Take Action: Stand Up For Clean Energy In Colorado

A Rulemaking to Hold Tri-State Accountable

The Colorado Public Utilities Commission is holding a rulemaking process through October 15th about Tri-State’s Electric Resource Plan (ERP), which will fundamentally impact co-op customers for years to come.

The ERP is a long-term energy plan that helps regulators and utilities decide where to invest resources for electricity and decide where that electricity comes from. Historically, Tri-State has not been required to file ERPs in the same way that investor-owned utilities (like Xcel) have. This spring, though, the Colorado Legislature required that the PUC adopt new rules to hold Tri-State’s ERP to higher standards.

Your comment makes a difference– we need you to speak out at the Colorado PUC and ask them to enact strong rules for Tri-State’s ERP to ensure that Colorado ratepayers have affordable, reliable, and responsible electricity.

Talking points and instructions for submitting comments below:

Tips for Comments

  • Include the rulemaking docket number: 19-R-0408E
  • Include your electric co-op if you know it (if you’re in La Plata or Archuleta counties, it’s La Plata Electric Association)
  • Personalize itTell the PUC why this is an important issue in your community. If you’re a business owner or community leader, let them know too!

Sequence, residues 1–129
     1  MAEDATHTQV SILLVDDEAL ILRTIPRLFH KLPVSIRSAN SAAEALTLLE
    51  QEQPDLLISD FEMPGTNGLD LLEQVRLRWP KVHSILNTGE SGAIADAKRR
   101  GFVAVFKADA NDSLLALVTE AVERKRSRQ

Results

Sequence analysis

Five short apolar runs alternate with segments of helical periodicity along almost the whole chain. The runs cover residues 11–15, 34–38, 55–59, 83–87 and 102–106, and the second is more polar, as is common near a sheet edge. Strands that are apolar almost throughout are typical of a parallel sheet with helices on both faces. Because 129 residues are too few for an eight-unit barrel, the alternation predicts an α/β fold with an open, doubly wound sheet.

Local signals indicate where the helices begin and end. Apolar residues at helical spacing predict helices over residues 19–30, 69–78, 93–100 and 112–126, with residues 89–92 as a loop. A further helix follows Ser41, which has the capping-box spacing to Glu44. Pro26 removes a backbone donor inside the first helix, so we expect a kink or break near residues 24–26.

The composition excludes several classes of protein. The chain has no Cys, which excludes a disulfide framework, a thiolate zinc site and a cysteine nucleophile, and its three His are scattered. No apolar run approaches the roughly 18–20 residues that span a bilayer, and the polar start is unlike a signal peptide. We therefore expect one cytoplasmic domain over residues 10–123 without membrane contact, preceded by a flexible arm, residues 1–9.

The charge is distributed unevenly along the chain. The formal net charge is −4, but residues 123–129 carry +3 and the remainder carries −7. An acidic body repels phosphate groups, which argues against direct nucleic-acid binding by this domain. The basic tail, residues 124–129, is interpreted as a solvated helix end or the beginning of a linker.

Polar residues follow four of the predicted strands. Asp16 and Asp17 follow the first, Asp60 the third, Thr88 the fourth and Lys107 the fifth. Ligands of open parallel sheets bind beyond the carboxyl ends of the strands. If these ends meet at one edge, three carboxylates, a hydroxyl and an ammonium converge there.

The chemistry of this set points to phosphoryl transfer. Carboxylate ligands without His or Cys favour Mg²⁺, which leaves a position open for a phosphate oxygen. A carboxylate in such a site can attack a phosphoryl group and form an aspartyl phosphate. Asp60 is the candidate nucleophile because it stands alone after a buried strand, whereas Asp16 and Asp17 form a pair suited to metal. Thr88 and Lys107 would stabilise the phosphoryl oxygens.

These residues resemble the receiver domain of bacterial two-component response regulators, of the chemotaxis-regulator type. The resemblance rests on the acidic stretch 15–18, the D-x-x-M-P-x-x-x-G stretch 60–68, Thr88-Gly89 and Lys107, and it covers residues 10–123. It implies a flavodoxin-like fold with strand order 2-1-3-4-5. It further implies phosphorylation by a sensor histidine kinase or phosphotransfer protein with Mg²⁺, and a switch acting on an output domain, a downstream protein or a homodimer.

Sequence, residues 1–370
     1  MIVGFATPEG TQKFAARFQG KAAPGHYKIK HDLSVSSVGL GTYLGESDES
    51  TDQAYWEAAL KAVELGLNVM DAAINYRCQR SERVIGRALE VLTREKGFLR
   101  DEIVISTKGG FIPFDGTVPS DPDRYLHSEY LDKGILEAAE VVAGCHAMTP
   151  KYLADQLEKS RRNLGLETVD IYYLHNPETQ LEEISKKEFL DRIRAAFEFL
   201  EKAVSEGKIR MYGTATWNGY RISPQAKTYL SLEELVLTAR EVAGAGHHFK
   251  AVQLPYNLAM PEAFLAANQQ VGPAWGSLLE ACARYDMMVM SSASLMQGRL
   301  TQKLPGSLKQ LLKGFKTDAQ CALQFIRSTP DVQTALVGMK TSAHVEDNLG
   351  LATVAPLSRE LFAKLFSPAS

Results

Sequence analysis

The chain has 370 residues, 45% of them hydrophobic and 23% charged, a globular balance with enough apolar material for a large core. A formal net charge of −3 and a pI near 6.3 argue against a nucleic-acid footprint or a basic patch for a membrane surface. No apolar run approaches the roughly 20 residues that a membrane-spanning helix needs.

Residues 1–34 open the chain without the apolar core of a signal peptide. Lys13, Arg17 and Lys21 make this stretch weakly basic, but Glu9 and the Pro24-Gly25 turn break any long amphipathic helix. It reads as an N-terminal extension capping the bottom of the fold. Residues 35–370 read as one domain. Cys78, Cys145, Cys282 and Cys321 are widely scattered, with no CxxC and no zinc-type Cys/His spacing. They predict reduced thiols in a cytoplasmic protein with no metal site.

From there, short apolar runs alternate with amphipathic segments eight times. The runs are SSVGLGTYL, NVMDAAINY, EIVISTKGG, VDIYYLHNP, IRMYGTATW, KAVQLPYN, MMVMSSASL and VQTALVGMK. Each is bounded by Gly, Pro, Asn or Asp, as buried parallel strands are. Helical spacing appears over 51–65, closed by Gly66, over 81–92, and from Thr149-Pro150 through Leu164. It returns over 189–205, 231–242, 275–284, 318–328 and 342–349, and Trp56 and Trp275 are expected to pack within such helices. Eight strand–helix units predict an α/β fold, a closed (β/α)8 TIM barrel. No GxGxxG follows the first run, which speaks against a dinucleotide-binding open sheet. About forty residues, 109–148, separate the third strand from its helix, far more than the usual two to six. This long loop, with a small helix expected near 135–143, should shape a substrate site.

Talking Points & Asks

1. The PUC should require that Tri-State evaluates the cost of existing resources during its ERP to ensure that Tri-State is appropriately calculating the risks and costs of its expensive coal fleet

  • Clean energy is more affordable than coal, and the PUC needs to evaluate the economics of Tri-State’s resources to make sure their rates are just and reasonable
  • A 2019 Strategen report found that Tri-State’s Craig 1 and Craig 2 are the #1 and #3 most expensive coal units in Colorado
  • A 2018 Rocky Mountain Institute report found that Tri-State members would save $600 million by shifting from coal to low-cost renewables
  • A 2018 Vibrant Clean Energy report found that Colorado would save $2.5 billion through 2040 by retiring all remaining coal units by 2025

2. The PUC should require that Tri-State utilize the Social Cost of Carbon in its ERP to account for the health and environmental impacts of carbon emissions from its power plants

  • The Social Cost of Carbon provides a monetary estimate of damages from greenhouse gases that cause climate change
  • In 2018, wildfire suppression cost $130 million in Colorado, not including 12,000 damaged homes and 600,00 displaced people. These expenses will only grow as climate-induced wildfires get stronger
  • Coal pollutants contribute to health problems ranging from asthma to brain damage, heart problems, cancer, neurological disorders, and premature death
  • Southwest Colorado is particularly vulnerable to the effects of climate change, including increased drought, reduced snowpack, and more frequent and severe wildfires

3. The PUC should require that Tri-State consult with impacted workers to submit a workforce transition plan when proposing the retirement of an electric generating facility

  • Impacted workers and communities deserve a just transition towards a clean energy economy